Would you like a Wal-Mart "supercenter" store to move into your
community? Think of the low prices and the convenience of one-stop
shopping! You just park once and get whatever you need groceries, drugs, plants, toys, dog food, even eyeglasses.
Sounds great, doesn't it? So why have nearly 200 communities refused to
allow such big-box stores to enter their lives? Do they know something we
To find out, I embedded myself in the Wal-Mart wars that have recently
broken out in Contra Costa County. What I learned, in a nutshell, is that
Wal-Mart's nonunion, big-box stores drag down other workers' salaries,
destroy downtown businesses, prevent smart-growth development and increase
traffic congestion. What really surprised me though is that we, the
taxpayers, end up subsidizing Wal-Mart stores by paying for the health and
retirement needs of its workers.
Wal-Mart has announced its intention to open 40 new supercenter stores
each the size of four football fields in such fast-growing California
suburban areas as Contra Costa County.
But Contra Costa County has fought back. A year ago, Martinez prevented
a traditional Wal-Mart store from expanding into a supercenter that could
sell groceries. On June 3, the county Board of Supervisors voted to ban
such supercenter stores from unincorporated areas of the county.
In making its decision, the board cited a study done by the San Diego
County Taxpayers Association (SDCTA), a nonprofit, nonpartisan
organization. It found that an influx of big-box stores into San Diego
would result in an annual decline in wages and benefits between $105
million and $221 million, and an increase of $9 million in public health
costs. SDCTA also estimated that the region would lose pensions and
retirement benefits valued between $89 million and $170 million per year
and that even increased sales and property tax revenues would not cover
the extra costs of necessary public services. "Good jobs, good pay, and
good benefits should be the goal of an economy," SDCTA concluded, "and
supercenters are not consistent with that objective."
Wal-Mart, as is its custom, has launched a counterattack against Contra
Costa's ordinance. The company parachuted in platoons of
signature-gatherers who are stationed outside discount stores and asking
shoppers to sign a petition that would place the board's decision on a
ballot. If they collect 27, 000 legitimate signatures, Wal-Mart could
reverse the board's ban.
In response, a coalition of community groups have mobilized to defeat
Wal- Mart's counterattack. But they face a formidable enemy. Over the last
40 years, Wal-Mart has grown into the nation's biggest employer and the
world's largest retailer. Every two days, Wal-Mart opens another
superstore. It has more people in uniform than the U.S. Army. Last year,
it banked about $7 billion in profits.
The troops fighting Wal-Mart's invasion of Contra Costa County include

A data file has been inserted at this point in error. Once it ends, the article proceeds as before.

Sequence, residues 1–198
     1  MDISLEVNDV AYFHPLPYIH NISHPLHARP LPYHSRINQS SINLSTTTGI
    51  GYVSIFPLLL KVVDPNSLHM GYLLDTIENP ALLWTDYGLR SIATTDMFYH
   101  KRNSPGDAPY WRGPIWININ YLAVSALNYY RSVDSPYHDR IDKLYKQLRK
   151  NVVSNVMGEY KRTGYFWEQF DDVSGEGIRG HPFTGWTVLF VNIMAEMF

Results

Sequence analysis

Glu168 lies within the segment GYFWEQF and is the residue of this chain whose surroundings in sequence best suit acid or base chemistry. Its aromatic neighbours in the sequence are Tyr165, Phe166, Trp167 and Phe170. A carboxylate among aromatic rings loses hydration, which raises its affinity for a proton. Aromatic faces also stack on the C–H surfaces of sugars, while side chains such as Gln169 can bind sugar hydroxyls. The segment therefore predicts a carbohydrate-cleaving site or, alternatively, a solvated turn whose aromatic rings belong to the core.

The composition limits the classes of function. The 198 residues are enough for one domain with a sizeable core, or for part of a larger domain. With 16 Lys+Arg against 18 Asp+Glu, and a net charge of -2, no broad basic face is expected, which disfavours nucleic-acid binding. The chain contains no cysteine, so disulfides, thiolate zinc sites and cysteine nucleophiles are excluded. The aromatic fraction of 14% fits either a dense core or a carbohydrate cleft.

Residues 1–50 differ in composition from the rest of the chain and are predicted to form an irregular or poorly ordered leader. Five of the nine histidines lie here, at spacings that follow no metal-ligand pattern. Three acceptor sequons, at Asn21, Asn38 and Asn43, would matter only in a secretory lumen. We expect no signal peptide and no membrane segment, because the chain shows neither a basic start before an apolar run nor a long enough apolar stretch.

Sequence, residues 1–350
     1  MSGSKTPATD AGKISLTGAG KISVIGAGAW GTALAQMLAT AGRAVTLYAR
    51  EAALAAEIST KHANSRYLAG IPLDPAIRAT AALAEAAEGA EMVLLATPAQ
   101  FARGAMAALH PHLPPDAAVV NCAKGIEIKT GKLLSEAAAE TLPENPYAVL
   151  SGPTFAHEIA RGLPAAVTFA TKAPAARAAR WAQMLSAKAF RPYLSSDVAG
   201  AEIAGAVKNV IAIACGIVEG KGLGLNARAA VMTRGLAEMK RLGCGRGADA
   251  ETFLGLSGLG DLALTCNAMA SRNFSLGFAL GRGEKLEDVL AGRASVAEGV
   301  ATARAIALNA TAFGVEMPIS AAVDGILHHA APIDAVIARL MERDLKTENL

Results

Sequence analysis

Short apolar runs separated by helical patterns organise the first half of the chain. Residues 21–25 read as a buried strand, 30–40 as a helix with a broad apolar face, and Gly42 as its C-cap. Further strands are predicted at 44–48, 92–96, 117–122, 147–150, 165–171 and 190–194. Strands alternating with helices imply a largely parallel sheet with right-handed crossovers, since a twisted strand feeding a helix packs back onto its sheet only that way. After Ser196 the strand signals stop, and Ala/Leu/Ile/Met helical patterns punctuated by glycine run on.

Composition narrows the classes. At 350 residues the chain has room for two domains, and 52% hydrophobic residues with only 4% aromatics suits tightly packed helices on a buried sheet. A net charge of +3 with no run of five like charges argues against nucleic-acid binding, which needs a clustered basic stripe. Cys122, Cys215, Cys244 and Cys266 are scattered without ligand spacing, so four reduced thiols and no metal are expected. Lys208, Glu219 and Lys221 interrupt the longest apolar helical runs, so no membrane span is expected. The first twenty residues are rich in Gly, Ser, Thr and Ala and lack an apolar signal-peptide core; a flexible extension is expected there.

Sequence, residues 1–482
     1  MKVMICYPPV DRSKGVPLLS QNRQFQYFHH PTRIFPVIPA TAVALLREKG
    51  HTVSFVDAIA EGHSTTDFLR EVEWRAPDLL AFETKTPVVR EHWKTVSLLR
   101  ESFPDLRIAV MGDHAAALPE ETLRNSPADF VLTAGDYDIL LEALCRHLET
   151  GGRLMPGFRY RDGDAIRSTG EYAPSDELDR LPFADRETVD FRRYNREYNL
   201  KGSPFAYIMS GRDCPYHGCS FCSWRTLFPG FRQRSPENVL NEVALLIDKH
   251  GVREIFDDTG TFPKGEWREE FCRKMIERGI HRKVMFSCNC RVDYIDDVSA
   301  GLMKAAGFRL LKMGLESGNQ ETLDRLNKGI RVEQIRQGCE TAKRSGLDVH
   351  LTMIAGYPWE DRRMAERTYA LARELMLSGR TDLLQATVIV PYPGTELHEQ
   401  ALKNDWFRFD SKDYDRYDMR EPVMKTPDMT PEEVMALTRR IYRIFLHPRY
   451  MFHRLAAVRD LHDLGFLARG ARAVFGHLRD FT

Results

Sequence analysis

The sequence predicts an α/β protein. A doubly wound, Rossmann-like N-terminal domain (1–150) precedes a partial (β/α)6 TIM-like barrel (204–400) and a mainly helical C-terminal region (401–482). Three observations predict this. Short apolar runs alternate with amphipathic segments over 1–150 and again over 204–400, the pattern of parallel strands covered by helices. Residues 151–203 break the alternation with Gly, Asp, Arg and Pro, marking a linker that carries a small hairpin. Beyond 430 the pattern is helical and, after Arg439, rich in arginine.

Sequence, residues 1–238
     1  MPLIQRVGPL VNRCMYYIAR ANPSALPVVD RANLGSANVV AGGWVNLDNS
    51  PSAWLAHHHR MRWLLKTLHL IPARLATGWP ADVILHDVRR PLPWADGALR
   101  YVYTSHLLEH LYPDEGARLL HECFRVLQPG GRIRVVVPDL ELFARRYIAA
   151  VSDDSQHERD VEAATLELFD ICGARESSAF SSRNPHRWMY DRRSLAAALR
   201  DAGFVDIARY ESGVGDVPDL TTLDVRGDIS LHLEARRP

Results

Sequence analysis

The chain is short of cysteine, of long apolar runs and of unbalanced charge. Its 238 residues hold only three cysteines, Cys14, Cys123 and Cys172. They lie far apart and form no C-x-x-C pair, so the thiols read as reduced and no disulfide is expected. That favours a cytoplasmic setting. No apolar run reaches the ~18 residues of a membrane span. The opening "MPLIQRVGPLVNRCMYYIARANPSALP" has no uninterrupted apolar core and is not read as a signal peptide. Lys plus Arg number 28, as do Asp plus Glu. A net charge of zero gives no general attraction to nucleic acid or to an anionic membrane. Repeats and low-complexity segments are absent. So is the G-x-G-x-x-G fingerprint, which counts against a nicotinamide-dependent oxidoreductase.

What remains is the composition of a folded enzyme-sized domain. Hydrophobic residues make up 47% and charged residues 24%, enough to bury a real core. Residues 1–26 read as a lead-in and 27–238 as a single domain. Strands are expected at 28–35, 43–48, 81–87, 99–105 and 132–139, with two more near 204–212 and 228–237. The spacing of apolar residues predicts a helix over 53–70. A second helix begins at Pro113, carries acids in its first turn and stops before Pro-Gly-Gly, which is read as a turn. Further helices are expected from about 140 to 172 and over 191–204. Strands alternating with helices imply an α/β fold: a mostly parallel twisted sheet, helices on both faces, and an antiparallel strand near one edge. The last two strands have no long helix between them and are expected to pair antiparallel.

the Gray Panthers, small businesses, dozens of churches, the National
Organization for Women, and environmental and smart-growth activists.
Young people, recruited by the Association of Community Organizations for
Reform Now (ACORN), fan out daily to discount stores and try to convince
shoppers not to sign Wal-Mart's petition. They even carry cards that allow
voters to withdraw their signature if they have already signed the
The generals in charge of this community resistance are union leaders.
John Dalrymple, director of the Contra Costa Central Labor Council, admits
they face an uphill battle. The giant retailer is infamous for its
take-no-prisoners, giant retailer. Wal-Mart's ability to offer such
low prices, as any union member will tell you, has been achieved by paying
its workers or "sales associates" low wages, offering unaffordable
health coverage and no retirement benefits and importing most of its
products from developing countries, some of which use child and prison
The United Food and Commercial Workers (UFCW) Local 1179, located in
Martinez, is headquarters for the war against Wal-Mart. Barbara Carpenter,
the union's president, comes from a family whose members have worked for
decades at retail companies that provided decent wages, affordable health
benefits and pension plans. "It's about saving the American dream," she
Wal-Mart, she points out, lowers wages among working families and
crushes family businesses. "It not only pays workers less than most of its
retail competitors, two-thirds of workers don't have health-care coverage
a cost taxpayers are picking up across the country.''
Did she say taxpayers? That's right. We, the customers, get such low
prices and convenient shopping because we, the taxpayers, subsidize
Wal-Mart profits by paying for county public health services, food stamps,
and social services for its retired employees.
So should you shop at Wal-Mart? To make up your mind, consider this: If
you earn a livable wage or are protected by a union, you can probably buy
all your monthly needs at Wal-Mart. But that's because the average
Wal-Mart employee, who earns about $15,000 a year, cannot do the same.
Ruth Rosen is a columnist for the San Francisco Chronicle. She can be emailed at firstname.lastname@example.org